After a commercial catch of hoki is processed into seafood products, the skins and bones are left over. This fishy “garbage” is routinely processed into fishmeal and fertilisers, but New Zealand has now found a cutting-edge use for it, in “electrospinning”. Plant & Food Research scientists led by Nick Tucker have spun the collagen from hoki skins into super-thin nanofibres for use in filters and, potentially, fabrics, textiles, bandages and applications in medicine and surgery.
Electrospinning teases liquid polymers out of a narrow tube with an electric field, and has been in use with other materials since early last century. As the jet of liquid moves through the air, it dries, then whips out and stretches into ultra-thin nanofibres about a tenth of the jet’s original diameter and invisible to the naked eye.
The fibres become stronger as they become thinner (because the molecules are better aligned). In addition, because they have a high surface-to-volume ratio, they have a better chance of ensnaring tiny particles than standard filters, something electrospun nanofibres have done since Petryanov filters were spun from cellulose acetate in Russia 70 years ago.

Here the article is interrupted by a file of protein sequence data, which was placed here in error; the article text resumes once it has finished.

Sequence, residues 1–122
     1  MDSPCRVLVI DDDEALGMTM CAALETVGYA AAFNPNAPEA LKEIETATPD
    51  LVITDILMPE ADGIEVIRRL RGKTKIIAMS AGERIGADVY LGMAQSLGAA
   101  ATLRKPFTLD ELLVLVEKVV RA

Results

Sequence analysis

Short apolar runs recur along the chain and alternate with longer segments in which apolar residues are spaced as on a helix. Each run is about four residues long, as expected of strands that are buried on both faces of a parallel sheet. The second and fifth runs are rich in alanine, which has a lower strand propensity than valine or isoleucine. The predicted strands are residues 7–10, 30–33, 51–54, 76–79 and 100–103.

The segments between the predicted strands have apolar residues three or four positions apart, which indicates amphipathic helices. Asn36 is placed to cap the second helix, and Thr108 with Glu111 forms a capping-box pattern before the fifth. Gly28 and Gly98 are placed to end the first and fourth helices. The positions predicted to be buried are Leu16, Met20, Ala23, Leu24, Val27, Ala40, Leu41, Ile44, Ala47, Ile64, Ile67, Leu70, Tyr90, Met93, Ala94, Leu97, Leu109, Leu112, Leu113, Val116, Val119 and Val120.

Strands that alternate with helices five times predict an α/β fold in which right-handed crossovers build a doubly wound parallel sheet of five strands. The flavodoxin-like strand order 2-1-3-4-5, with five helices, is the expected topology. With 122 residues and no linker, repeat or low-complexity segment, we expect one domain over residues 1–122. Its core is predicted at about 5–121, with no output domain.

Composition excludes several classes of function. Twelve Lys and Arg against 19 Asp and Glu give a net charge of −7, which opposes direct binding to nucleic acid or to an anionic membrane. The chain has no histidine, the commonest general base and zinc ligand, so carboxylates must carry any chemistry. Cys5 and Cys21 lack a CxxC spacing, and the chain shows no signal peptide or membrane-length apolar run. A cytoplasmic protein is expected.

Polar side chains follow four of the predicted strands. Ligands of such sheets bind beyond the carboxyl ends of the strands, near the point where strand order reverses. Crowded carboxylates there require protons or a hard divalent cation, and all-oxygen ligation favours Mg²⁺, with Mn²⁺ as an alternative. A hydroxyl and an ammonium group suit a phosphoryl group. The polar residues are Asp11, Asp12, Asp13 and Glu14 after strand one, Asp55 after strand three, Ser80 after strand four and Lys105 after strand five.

Until now, the majority of these fibres have stemmed from byproducts of the petrochemical industry which are nonbiodegradable and based on a diminishing supply of oil. As a food industry byproduct, hoki collagen is a renewable resource, and plentiful in this country providing the fisheries are managed well. While some research has been done with mammalian collagen, the more soluble hoki collagen provides a better source of protein for industrial-scale spinning. The other advantage of natural polymers is that they are biochemically more sophisticated than their synthetic counterparts, giving them potential for use in catalysing organic compounds into fuel, filtering out pollutants, absorbing sound and even storing energy. Not bad for dead fish.